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Monday, Jul 22, 2024

Apparel Distribution Adding New Level of Reality to BASE

An average day for the average company chief executive is filled with hard decisions but taking a tennis ball shot at high velocity to the groin probably isn’t one of them. Unless your name is John Brenkus and you happen to not only be the CEO of a reality-based production company but also host one of the shows. On “Sport Science,” Brenkus has been battered, pummeled, choked, knocked down, and dragged all in the name of entertainment and breaking down the physical marvels done by world-class athletes. Testing the limits of the human body is a shared theme among a number of shows BASE Productions makes. Then there are shows like “Crime 360” aired on A & E;, a real-life “CSI: Crime Scene Investigation” and “American Cowboy,” still in production about the competitive careers of real-life Montana range riders. Common to all, said Brenkus, are high production values; of being able to take a $1 million budget and make a series look like it cost 10 times that amount. BASE operates on the East Coast and in a new facility in Burbank after many years as one of the biggest tenants on the Paramount Studios lot in Hollywood. The company shoots its own programming, does all the post-production, creates it own graphics and owns its music publishing. “We’re like Warner Bros. without the overhead,” Brenkus said. Now in a deal with European clothier X-Bionic, BASE is attaching its name to sports apparel products by scoring an exclusive distributorship for the clothing line. Brenkus sees this opportunity as an offshoot to the core business. As he and business partner Mickey Stern are entrepreneurs at heart, distributing active wear is another type of business for them to build. With its programming distributed on television, home entertainment and through the Internet, BASE has the platforms to get the X-Bionic name in front of North American consumers. The clothing line will appear in several shows, including “Sport Science.” “We can create the images that are going to sell in the marketplace,” Brenkus said. Founded by Brenkus and Stern in 1992, BASE grew from a bootstrap operation into one that produced 100 hours of programming in 2008. “Crime 360” is in its second season; “Fight Science” is in its third season. A key to all the shows is making them in a compelling way and incorporating a story arc and character development that engages the audience. If there is no story at the core then all you are presenting is images, Brenkus said. At the Old Ballgame Documentary filmmaker John Scheinfeld debuted his latest project June 12 at the Chicago Theater. The two screenings of “We Believe: Chicago and Its Cubs” drew an audience of 3,600 people with the proceeds going to charity. With a cast including current and former Cubs players and appearance by actors, musicians, sports writers, historians and even a Catholic cardinal, “We Believe” takes a look at the unique relationship between the Cubs and their fans irrespective of the win-loss record. Scheinfeld has always described the film as less of a Cubs movie and more as one that anyone with a passion for their team and their city will understand and appreciate. The audience at the two screenings laughed and applauded in all the right places, Scheinfeld said in a phone interview from Chicago where has been supervising the post-production. “When you sit in an editing room month after month you don’t know how people are going to respond,” said Scheinfeld, who otherwise works in Studio City. With the film completed, next up is to find a distributor. Scheinfeld wants “We Believe” in theaters by the end of the summer, and on DVD by the fall. The documentary is just one of three films needing distribution. “Heaven,” a project that Scheinfeld started several years ago, is in the final editing stage. It is a look at how the five major world religions view heaven and how individuals and groups prepare to get there. “Who is Harry Nilsson (And Why is Everybody Talkin’ About Him?)” had a favorable run on the festival circuit. With issues over the use of Nilsson’s music resolved the next step is getting the film before a wider audience. “The word for me this year is distribution,” Scheinfeld said. Screen Miracles Burbank filmmaker Leslie McRay has her hands full juggling four projects through her production company MiracleFilms.com. One is a big budget feature, two are based on true stories and all have a faith-based element to them, be it angel warriors or miraculous healing. “You don’t have to spend a lot to send a message,” said McRay, whose credits also include “Day of Miracles,” about survivors of the Sept. 11 World Trade Center attack. For “Seized,” however, McRay’s project is a budget of $30 million and reportedly is in discussions to get some big name performers involved. The story of child abduction and angel warriors, McRay turned to North Hollywood effects and prop house Renegade Effects Group to design the angel wings. The other films are: “Gold Score,” to shoot in Houston with a screenplay written by a country singer who will also provide the soundtrack; “Through the Fire,” based on a true story of a paralyzed girl who was healed and goes on to be an evangelist; and “Fighting Spirit,” also based on the true story of two brothers in the Central Valley one of whom comes out of a coma and wins a high school wrestling championship. When the films are finally released (financing for all four is still being worked out) McRay hopes to replicate the success of “Fireproof,” a Christian genre film released last year made for all of $500,000 that brought in $6 million in its first weekend and $33 million overall during its theatrical run. With the poor economy and depression news people are looking for something to give them hope and McRay wants her films with their inspirational messages to help. Using real life stories in the plotlines is a plus because those resonate better with an audience, McRay said. “I think people like testimonies more than being preached at,” McRay added. Staff Reporter Mark Madler can be reached at (818) 316-3126 or by e-mail at [email protected] . He recently appeared on Sunday L.A. on KNBC Channel 4.2 to discuss the auto industry.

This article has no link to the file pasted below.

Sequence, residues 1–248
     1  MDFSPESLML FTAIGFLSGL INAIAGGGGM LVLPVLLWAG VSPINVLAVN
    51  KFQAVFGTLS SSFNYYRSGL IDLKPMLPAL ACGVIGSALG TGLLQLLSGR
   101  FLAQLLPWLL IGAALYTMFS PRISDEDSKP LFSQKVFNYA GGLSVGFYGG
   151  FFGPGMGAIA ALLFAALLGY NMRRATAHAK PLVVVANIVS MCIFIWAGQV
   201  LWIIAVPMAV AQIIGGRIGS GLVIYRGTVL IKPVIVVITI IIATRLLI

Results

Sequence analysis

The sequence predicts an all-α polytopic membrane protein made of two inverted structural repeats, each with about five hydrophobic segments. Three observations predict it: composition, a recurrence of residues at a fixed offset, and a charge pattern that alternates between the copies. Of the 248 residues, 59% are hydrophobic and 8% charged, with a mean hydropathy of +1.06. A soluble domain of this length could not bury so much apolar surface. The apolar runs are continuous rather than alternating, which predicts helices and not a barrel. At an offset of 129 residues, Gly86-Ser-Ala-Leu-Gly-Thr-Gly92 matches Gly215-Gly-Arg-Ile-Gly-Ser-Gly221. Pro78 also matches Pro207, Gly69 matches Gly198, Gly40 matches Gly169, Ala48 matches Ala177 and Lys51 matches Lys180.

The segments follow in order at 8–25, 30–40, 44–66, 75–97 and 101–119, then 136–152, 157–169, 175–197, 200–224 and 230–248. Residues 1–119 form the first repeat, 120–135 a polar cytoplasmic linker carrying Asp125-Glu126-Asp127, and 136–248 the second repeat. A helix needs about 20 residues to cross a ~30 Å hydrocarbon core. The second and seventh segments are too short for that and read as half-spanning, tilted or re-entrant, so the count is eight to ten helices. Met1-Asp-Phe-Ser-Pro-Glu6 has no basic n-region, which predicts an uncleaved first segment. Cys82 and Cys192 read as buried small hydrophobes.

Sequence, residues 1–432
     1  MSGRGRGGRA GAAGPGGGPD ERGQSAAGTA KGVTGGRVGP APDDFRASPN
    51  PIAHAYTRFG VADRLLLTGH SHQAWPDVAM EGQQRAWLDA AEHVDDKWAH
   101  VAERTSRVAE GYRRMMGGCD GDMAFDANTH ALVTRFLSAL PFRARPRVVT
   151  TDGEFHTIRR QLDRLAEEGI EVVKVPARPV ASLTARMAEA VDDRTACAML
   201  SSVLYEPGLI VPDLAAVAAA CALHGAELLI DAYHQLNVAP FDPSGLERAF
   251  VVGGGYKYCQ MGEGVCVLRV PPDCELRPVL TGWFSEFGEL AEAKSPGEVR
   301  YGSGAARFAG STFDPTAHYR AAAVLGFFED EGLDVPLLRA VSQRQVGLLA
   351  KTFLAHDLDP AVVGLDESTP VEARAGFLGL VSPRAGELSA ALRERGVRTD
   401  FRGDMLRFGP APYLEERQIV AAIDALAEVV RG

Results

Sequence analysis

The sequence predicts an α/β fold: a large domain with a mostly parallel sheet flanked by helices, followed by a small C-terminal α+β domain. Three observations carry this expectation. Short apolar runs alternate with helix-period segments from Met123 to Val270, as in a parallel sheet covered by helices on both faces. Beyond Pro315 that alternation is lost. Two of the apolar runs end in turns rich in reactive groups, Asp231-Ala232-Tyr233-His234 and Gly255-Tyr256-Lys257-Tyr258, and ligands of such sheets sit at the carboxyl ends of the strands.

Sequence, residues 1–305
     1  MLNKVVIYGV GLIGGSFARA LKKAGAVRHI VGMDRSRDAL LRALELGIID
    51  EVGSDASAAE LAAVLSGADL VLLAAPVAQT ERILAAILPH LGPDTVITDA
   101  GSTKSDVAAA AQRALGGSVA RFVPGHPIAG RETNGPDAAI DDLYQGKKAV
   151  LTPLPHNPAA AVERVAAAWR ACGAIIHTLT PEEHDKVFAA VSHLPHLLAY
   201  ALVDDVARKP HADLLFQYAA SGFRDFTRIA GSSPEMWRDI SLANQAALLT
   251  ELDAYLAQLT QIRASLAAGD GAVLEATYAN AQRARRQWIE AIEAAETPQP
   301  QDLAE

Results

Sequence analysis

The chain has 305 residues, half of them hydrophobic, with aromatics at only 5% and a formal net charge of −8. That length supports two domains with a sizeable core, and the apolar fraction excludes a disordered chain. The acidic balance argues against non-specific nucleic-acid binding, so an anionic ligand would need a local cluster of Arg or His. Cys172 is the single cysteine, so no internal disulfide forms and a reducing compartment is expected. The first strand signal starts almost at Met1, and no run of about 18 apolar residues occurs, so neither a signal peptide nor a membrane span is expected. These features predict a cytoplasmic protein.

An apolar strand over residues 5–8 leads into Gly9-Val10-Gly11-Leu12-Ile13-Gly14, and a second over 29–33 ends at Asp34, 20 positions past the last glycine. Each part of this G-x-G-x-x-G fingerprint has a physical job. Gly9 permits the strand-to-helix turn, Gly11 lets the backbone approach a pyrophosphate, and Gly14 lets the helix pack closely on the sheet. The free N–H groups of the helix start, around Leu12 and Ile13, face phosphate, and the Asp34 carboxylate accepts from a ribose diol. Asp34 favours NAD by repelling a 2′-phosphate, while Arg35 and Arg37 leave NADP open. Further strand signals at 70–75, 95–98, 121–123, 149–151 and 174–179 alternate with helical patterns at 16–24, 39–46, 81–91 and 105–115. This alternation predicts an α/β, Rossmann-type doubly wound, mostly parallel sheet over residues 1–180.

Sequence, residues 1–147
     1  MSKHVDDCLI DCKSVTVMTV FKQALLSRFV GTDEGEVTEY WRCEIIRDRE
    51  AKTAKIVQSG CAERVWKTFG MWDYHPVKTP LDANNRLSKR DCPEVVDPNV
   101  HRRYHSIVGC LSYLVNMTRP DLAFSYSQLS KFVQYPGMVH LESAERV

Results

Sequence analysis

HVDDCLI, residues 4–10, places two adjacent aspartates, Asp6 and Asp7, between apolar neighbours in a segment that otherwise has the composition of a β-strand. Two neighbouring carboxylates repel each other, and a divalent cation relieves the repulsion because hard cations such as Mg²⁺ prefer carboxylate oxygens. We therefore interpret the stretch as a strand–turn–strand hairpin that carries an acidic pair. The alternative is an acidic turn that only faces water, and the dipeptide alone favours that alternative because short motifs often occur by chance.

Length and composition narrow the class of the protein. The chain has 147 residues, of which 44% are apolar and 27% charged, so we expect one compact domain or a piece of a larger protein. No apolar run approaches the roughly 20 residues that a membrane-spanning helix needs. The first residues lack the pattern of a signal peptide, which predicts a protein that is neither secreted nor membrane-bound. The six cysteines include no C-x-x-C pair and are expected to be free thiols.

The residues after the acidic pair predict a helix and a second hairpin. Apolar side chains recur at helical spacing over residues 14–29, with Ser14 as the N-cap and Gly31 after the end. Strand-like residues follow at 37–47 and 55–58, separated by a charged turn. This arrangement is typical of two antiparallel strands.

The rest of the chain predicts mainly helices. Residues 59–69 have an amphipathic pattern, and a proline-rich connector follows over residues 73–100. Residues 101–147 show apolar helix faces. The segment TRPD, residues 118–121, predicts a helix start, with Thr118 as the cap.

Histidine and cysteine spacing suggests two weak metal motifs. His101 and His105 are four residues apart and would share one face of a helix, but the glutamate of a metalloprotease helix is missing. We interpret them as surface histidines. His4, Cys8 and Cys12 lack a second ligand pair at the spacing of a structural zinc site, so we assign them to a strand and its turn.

Mark Madler
Mark Madler
Mark R. Madler covers aviation & aerospace, manufacturing, technology, automotive & transportation, media & entertainment and the Antelope Valley. He joined the company in February 2006. Madler previously worked as a reporter for the Burbank Leader. Before that, he was a reporter for the City News Bureau of Chicago and several daily newspapers in the suburban Chicago area. He has a bachelor’s of science degree in journalism from the University of Illinois, Urbana-Champaign.